Nigerian Prince Revisited: The Spear Phishing Wire Transfer

The Nigerian Prince email scam is so five years ago. Now when we receive them, we chuckle. Today, a much more tactical scam called "spear phishing" is being perpetrated with success. The reason it works is because of familiarity. 
 
According to the FBI:  Instead of casting out thousands of e-mails randomly hoping a few victims will bite, spear phishers target select groups of people with something in common—they work at the same company, bank at the same financial institution, attend the same college, order merchandise from the same website, etc. The e-mails are ostensibly sent from organizations or individuals the potential victims would normally get e-mails from, making them even more deceptive. 
 
Below is a Spear Phishing attempt recently sent to a staff member of one of our customers. This email looked official - like it was from her boss; it even used her boss' email account. Fortunately, she thought it unusual and double-checked with "Bill" before sending.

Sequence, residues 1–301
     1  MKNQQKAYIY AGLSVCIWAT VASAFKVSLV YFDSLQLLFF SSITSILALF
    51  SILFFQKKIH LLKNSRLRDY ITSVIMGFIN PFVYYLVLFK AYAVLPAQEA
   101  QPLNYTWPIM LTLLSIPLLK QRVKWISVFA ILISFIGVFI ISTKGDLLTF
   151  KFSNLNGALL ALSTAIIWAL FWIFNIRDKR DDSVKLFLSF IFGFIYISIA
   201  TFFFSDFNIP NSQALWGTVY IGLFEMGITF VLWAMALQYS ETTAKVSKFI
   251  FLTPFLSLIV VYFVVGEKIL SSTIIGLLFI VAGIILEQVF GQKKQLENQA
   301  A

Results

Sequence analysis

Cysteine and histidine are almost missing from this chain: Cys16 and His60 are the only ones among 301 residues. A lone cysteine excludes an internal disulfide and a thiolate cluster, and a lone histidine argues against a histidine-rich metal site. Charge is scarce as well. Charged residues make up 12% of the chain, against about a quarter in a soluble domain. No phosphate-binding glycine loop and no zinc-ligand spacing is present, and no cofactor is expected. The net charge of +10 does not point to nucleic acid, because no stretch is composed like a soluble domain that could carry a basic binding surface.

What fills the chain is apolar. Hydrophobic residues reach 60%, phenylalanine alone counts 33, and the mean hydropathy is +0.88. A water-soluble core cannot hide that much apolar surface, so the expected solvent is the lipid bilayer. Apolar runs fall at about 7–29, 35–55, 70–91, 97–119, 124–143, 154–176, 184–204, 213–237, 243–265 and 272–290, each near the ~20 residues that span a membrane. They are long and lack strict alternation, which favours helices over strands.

OK, I want you to process a Transfer for $18,870 to the details below 
 
Account Name : Stacey louise Collins 
Account Holders Address : 814 Parkview circle Hewitt TX 76643
Bank Name : Chase Bank
Bank Address : 800 Hewitt Drive Waco TX 76712
Bank phone Number  (254)666-1336
Account Number : 731923392 
Routing Number : 111000614
 
E-mail me once you get this message and also when you have process the transfer e-mail me the confirmation slip. 
 
Thanks, 
Bill
 
Sent from my iPhone
 
After our client called us and we confirmed that it was a scam, they went on to send a few more messages. The hacker followed up with another email; “It looks like the transfer went through, but I have not received the confirmation number yet. Please get that to me ASAP.”  They responded with “Of course. Call me and I will give that to you over the phone, rather than by E-mail.”  The scammer went on to say “ Will do. Am in a meeting right now, but will call afterwards.”  As you can see, this is a real person responding in real time. Scary. 
 
Sure, in certain companies, it may be common practice to request wire transfers without much thought. Fortunately, this sort of thing was not common practice our customer and they saved $18,870 and learned a lesson. 
 
So how can you fight this kind of scam? Really there is only one effective way:  training. If you'd like to learn more about how to get your company's security in order, contact Mike Miller.